Q: Doesn’t our Constitution require a two-thirds vote for some actions?

A: Yes. There are twenty places in the Washington State Constitution where a supermajority is required for an action, including the passage of a constitutional amendment and the conviction of an impeached official. The Framers were careful to only require supermajorities in specific instances, so that minority rights could be protected. Democracy requires harmony between majority rule and minority rights. The Framers explicitly used the word “majority” in Article II, Section 22 to establish that majority rule must decide the fate of legislation. If the Framers had wanted to permit a minority of lawmakers to effectively veto a bill in some circumstances, they would have spelled out when this was acceptable.

Q: How did the founding fathers define majority rule?

A: As fifty percent plus one. No more. No less. The founding fathers were opposed to the concept of requiring supermajority votes to transact the people’s business. They considered majority rule essential to representative democracy. In The Federalist No. 22, Alexander Hamilton writes:

[W]hat at first sight may seem a remedy, is, in reality, a poison. To give a minority a negative upon the majority (which is always the case where more than a majority is requisite to a decision), is, in its tendency, to subject the sense of the greater number to that of the lesser. Congress, from the nonattendance of a few States, have been frequently in the situation of a Polish diet, where a single VOTE has been sufficient to put a stop to all their movements.

Hamilton adds:

If a pertinacious minority can control the opinion of a majority, respecting the best mode of conducting it, the majority, in order that something may be done, must conform to the views of the minority; and thus the sense of the smaller number will overrule that of the greater, and give a tone to the national proceedings. Hence, tedious delays; continual negotiation and intrigue; contemptible compromises of the public good.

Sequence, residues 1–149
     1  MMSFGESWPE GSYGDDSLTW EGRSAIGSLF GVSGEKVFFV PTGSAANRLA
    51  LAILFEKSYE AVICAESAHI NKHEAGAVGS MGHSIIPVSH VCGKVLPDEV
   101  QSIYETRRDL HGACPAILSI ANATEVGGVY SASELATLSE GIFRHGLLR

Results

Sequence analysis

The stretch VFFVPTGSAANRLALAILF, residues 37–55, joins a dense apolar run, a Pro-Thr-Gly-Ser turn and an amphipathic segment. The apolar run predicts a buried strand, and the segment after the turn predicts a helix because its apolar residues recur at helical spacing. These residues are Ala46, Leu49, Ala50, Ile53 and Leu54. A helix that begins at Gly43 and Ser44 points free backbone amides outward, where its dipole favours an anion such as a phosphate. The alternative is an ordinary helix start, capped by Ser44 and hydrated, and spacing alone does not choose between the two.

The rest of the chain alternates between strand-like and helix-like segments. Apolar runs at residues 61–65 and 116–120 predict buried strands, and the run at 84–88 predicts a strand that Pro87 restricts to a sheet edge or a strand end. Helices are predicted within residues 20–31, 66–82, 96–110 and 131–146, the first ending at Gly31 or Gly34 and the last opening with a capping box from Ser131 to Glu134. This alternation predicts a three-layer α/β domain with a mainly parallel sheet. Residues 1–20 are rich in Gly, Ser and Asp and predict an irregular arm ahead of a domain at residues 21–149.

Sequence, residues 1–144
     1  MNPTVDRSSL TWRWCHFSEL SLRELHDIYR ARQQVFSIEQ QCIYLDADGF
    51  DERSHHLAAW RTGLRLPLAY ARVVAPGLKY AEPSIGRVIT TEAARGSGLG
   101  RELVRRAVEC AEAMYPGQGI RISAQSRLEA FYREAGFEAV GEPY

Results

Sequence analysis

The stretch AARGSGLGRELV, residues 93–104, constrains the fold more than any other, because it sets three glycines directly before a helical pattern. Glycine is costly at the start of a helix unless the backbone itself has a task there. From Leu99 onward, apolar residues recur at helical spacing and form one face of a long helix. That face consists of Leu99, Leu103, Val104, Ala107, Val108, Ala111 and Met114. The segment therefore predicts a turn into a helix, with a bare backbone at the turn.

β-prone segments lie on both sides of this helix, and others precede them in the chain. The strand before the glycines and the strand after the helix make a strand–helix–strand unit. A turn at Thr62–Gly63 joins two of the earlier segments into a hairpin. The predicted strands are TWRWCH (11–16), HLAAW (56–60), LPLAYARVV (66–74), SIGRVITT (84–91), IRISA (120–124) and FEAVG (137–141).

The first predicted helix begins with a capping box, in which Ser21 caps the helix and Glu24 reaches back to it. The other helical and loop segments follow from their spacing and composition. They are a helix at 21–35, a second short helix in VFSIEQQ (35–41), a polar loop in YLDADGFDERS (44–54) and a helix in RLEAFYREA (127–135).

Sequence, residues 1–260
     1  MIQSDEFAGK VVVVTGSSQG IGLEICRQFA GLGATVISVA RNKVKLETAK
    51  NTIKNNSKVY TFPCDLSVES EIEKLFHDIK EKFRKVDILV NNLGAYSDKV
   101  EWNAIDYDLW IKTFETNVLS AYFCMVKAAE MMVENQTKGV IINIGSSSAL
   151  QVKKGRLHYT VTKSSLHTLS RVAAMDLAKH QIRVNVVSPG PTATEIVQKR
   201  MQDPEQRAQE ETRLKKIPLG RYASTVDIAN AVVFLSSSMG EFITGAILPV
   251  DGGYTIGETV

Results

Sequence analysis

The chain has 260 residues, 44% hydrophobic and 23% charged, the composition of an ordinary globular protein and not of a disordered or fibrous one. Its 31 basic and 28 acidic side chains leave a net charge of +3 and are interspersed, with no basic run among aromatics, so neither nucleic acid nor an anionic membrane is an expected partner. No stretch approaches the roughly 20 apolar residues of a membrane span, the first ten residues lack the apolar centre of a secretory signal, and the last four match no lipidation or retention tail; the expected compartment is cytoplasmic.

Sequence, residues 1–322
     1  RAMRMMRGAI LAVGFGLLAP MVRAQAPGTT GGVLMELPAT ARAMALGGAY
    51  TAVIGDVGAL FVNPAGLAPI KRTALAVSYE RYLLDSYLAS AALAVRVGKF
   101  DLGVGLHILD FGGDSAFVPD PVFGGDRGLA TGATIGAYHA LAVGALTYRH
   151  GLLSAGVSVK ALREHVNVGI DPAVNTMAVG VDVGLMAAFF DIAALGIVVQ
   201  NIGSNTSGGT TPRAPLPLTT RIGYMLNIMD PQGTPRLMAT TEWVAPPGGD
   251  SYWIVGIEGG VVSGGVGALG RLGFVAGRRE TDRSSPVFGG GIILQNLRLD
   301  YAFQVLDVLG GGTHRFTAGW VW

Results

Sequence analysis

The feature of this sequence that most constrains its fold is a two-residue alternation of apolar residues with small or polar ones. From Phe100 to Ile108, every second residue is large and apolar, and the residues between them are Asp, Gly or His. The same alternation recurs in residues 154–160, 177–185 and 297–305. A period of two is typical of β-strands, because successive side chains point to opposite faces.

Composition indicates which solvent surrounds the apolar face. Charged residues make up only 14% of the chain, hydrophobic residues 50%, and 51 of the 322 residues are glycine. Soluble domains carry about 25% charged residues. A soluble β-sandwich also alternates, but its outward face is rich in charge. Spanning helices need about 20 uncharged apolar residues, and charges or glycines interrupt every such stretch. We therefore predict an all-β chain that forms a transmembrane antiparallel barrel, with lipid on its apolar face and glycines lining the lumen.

James Madison concurs in The Federalist No. 58, explaining why the United States Constitution does not require more than a majority for a quorum:

It has been said that more than a majority ought to have been required for a quorum; and in particular cases, if not in all, more than a majority of a quorum for a decision. That some advantages might have resulted from such a precaution, cannot be denied. It might have been an additional shield to some particular interests, and another obstacle generally to hasty and partial measures. But these considerations are outweighed by the inconveniences in the opposite scale. In all cases where justice or the general good might require new laws to be passed, or active measures to be pursued, the fundamental principle of free government would be reversed. It would be no longer the majority that would rule: the power would be transferred to the minority.